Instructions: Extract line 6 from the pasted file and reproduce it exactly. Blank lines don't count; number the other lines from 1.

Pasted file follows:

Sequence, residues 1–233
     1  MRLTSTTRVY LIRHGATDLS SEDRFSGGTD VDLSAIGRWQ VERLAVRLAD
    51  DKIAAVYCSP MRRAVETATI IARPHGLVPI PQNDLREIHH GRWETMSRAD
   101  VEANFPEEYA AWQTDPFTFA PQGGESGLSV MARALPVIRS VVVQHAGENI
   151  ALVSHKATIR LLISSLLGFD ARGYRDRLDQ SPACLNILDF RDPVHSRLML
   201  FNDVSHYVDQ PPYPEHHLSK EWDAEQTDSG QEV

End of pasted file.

   201  FNDVSHYVDQ PPYPEHHLSK EWDAEQTDSG QEV